Power utility PPC will wait for the European Commission’s finalized decisions on a strategic plan intended to end the EU’s reliance on Russian fossil fuels before it decides on the operating and conversion details of its prospective Ptolemaida V power station in northern Greece, to be launched as a lignite-fired facility before being converted to natural gas.
The PPC board is now expected to decide on Ptolemaida V’s conversion date towards the end of this year, according to sources.
Ptolemaida V, expected to undergo a trial run in the second half of the year before being launched late in the year or early in 2023, will be introduced as Greece’s last lignite-fired power station.
Early in April, prime minister Kyriakos Mitsotakis announced extensions to withdrawal dates for older lignite-fired power stations that were originally headed for closure prior to 2025. At the time, the prime minister also informed that Ptolemaida V could now operate as a lignite-fired unit until 2028.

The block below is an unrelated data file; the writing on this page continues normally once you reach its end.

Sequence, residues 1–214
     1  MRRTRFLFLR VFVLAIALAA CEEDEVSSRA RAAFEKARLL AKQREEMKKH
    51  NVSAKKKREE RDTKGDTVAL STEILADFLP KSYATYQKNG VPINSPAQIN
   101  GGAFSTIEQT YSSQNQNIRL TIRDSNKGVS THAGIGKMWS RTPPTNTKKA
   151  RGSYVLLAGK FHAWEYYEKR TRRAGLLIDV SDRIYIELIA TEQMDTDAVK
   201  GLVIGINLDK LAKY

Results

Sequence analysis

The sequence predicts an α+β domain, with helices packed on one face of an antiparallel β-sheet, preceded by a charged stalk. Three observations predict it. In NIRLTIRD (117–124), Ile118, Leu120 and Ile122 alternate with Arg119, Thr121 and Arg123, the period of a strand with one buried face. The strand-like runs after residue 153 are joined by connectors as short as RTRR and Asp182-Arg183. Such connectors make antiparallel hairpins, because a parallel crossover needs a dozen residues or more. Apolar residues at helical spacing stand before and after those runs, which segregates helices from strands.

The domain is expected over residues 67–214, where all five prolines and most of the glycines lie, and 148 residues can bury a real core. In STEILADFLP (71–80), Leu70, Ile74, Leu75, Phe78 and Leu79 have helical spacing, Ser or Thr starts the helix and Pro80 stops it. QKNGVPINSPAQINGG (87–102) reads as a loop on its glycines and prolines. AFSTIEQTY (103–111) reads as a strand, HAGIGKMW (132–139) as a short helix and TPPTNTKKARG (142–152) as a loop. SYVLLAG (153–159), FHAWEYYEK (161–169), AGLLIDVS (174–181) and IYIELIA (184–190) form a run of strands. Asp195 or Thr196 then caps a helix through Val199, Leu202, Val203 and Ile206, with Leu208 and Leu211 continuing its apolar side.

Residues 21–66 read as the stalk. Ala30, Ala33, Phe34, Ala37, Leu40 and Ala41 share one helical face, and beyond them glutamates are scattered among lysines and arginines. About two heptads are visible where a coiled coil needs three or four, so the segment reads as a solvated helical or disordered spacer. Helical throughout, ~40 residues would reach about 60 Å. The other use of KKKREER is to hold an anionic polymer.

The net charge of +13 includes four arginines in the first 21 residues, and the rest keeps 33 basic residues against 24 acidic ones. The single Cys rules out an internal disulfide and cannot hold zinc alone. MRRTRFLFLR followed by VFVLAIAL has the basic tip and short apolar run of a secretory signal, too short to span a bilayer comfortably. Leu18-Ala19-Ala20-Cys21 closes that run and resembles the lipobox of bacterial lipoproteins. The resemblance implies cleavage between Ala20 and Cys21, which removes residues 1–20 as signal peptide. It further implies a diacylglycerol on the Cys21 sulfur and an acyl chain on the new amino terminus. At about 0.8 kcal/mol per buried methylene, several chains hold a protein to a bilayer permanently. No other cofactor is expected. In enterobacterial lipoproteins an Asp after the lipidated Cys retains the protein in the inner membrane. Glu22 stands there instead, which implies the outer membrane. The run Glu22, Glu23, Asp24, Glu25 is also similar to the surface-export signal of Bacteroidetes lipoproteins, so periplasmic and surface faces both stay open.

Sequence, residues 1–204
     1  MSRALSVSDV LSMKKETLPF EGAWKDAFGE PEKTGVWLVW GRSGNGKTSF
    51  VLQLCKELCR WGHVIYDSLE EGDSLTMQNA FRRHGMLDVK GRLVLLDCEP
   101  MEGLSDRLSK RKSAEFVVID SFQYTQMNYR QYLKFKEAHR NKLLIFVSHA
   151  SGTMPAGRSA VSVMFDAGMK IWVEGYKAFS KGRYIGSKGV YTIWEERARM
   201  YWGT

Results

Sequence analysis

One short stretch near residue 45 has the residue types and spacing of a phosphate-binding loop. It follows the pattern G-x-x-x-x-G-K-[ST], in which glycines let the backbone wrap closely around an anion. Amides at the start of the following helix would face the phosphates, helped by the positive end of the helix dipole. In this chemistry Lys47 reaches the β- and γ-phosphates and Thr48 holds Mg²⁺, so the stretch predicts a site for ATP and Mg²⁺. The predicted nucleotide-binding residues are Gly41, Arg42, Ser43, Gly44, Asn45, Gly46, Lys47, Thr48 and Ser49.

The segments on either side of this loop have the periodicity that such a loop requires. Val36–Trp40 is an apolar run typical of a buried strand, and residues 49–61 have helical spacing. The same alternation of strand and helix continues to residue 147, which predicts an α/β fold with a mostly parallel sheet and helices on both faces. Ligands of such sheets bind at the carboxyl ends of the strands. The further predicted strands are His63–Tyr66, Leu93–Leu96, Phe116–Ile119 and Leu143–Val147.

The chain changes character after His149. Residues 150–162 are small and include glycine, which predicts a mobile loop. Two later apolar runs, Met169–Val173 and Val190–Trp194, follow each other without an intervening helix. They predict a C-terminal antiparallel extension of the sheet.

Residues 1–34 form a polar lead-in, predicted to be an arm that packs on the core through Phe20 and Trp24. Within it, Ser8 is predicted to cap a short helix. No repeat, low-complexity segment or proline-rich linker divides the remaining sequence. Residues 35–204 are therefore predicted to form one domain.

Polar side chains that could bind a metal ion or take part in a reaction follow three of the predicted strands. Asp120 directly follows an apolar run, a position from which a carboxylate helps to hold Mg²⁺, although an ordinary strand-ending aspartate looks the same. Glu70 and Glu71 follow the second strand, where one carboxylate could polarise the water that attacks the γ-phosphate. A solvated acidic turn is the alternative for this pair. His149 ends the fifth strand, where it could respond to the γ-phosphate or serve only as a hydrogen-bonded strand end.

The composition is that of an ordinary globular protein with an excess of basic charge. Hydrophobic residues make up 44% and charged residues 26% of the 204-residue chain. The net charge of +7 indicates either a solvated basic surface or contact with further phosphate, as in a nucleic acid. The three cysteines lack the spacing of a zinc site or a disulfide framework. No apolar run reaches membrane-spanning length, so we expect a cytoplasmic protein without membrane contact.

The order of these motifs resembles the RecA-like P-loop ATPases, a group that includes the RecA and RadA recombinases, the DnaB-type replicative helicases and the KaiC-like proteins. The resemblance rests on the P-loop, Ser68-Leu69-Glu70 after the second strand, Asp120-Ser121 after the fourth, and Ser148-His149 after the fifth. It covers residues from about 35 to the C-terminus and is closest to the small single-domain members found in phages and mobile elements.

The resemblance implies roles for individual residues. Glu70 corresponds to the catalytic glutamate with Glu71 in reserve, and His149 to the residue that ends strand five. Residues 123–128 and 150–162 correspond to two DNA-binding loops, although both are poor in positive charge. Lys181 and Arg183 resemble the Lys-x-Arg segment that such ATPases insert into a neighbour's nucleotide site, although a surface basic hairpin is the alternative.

Revisions to the country’s decarbonization plan have been prompted by energy security concerns following Russia’s invasion of Ukraine and the exacerbation of the preceding energy crisis as a result of this war.
The Greek government has decided to increase lignite mining output as a safety measure should Russia interrupt its natural gas supply.
A year ago, PPC had announced it intended to convert Ptolemaida V into a natural gas-fired facility as of 2025, but the latest energy security concerns froze this plan.